Mark Herman's The Boy in the Striped Pyjamas is a chilling tale of conflicting empathies and reconciling the pain of grief with the reality of unbearable, yet elongated, mass-murder.
After relocating from Berlin, a German family led by their patriarch, Ralph (David Thewlis), a highly regarded Nazi general in the early 1940s, settles a few miles from Auschwitz-Birkenau. Bruno (Asa Butterfield), the eight-year-old protagonist, eager to explore their new home and its surroundings, ignores his mother's wishes and hikes his way to the electric, barbed-wire fence outlining the nearby "farm," where he meets his new clandestine contemporary: Shmuel (Jack Scanlon), an eight-year-old Jew at the work camp.
As time passes, Bruno daily visits the "farm," bringing food for his new friend and playing board games with him, the fence dividing them; because Bruno has no other friends in his new countryside home, their friendship develops rapidly.
Later on, Bruno's mother, Elsa (Vera Farmiga), discovers from one of the nearby soldiers' gaff that the occasional chimney fires from the concentration camp are fueled by the burning bodies of Jews cycled through the institution, and she grows increasingly disgusted and appalled at the death camp's inherent purpose, her husband being the scheme's grand leader.
Thus, intertwined with their daughter Gretel's (Amber Beattie) continued inundation and infatuation with Nazist propaganda is Elsa's subtle planning to escape with her children to a place separated from the genocidal monstrosities, all while Bruno realizes, in interacting with the Jews surrounding him, the utter fallibility of antisemitic pedagogy.
Finally, Elsa resolves to take Bruno and Gretel to cohabit with her parents, away from all of the despair, while Bruno sneaks out again to meet Shmuel and help him find his missing father. While scouring the cabins of the camp, the two boys become engulfed in a forced march to the gas chambers, as Elsa, Gretel, and their servant Maria (Cara Horgan) search for their lost son. After enlisting Ralph in the quest and locating Bruno's footsteps to the camp, Elsa's gradual deterioration overruns her with uncontrollable grief at the sight of Bruno's clothes lying innocently at the fence.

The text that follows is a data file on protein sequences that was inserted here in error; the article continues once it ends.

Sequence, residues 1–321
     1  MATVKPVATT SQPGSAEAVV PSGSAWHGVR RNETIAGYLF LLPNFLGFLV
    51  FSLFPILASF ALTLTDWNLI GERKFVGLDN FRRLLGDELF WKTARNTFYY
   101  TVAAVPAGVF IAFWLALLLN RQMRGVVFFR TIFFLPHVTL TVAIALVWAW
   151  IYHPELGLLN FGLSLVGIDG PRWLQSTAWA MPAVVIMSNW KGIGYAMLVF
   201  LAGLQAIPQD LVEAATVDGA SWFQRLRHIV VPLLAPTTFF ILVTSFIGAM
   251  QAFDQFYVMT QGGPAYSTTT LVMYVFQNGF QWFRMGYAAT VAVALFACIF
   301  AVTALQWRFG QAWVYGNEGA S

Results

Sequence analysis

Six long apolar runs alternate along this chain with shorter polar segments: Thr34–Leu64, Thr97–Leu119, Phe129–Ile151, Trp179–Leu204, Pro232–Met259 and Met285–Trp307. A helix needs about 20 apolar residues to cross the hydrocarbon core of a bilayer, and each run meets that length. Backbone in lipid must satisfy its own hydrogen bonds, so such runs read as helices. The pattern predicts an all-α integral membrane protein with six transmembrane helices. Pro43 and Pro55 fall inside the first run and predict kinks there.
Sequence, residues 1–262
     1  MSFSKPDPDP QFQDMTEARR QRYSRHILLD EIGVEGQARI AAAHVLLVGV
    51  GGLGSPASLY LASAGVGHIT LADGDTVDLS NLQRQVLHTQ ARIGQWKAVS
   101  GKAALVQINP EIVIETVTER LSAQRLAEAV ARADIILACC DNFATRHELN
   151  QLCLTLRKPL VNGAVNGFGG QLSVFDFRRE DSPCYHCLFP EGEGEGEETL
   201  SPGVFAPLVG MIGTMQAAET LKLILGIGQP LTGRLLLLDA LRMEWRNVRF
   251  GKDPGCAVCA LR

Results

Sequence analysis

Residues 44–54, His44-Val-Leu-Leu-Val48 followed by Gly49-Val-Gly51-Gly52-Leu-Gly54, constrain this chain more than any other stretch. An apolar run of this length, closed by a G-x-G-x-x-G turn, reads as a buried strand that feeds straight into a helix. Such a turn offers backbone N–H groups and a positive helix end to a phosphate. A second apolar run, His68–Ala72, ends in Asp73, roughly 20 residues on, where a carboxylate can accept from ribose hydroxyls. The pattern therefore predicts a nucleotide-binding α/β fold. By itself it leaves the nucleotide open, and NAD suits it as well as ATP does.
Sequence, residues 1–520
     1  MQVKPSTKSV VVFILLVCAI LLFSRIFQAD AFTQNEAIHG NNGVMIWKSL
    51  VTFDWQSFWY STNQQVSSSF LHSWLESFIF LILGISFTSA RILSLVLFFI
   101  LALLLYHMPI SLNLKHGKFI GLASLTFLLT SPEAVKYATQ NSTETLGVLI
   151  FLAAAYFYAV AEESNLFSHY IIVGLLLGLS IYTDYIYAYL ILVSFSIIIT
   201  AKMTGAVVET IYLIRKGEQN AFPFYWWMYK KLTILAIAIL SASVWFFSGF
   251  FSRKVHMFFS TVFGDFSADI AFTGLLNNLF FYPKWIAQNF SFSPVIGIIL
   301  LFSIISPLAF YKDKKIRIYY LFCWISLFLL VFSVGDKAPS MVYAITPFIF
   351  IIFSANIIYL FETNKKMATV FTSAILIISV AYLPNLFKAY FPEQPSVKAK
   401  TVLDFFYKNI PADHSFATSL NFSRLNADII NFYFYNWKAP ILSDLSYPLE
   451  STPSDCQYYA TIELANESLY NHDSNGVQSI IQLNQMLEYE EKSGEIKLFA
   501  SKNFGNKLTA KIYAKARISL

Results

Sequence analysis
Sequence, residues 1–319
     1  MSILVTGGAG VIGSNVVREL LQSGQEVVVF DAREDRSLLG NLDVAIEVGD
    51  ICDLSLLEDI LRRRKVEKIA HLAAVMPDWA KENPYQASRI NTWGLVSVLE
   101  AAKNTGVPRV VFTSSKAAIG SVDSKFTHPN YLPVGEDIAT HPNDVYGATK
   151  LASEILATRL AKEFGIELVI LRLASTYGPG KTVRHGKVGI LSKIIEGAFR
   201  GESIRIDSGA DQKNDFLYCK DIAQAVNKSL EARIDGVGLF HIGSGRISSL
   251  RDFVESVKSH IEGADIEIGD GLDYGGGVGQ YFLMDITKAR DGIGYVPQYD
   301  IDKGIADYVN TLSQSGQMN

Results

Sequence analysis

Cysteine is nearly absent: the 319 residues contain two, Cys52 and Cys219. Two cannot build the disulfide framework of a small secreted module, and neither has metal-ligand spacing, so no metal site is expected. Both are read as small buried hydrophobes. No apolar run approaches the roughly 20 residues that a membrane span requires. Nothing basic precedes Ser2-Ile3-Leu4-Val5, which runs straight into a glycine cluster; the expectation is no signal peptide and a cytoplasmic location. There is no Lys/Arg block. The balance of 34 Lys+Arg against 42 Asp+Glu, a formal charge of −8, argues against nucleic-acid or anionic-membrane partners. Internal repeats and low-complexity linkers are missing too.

The irony is palpable: Ralph's own organization, fallaciously intended to better his children's future, murdered his own son. And, Elsa's growing ideological disgust with the Nazist mission failed to save her offspring.
On one level, it's effortless to empathize not with the Nazi family when their child dies; Ralph himself unshakeably holds the blood of thousands on his hands as the camp's leader—the death of his youngest is nothing compared to his deserved punishment. And yet, Elsa, already unsupportive of the Nazist final solution to annihilate the Jewish people, must reimmerse herself in grief for her son after she has already emotionally disintegrated from elongated exposure to the atrocities.
There is little evidence to suggest that the women of the film are the moral exemplars of the story, while solely the men insist upon continuing the massacre: Ralph, Gretel, Maria, and the many servicemen at the home clearly support the Reich, whereas Elsa and Ralph's mother (Sheila Hancock) actively oppose it, and Bruno demonstrates a lifelong affinity for the Jews surrounding him. Thus, the film may not merely be a stand for feminist ideals, as many of the women equally acclaimed the murderous organization.
Instead, The Boy in the Striped Pyjamas demonstrates the utter obscurity of bereavement omnipresent in a wrongly purposed murder. Rather than directing our own sympathies, as Manohla Dargis contends, the film forces us to ruminate in our emotional insecurity and emerge from the confused bereavement better prepared to ameliorate the tragedies of our own existence, and preemptively halt modern injustices before we need to appropriate blame.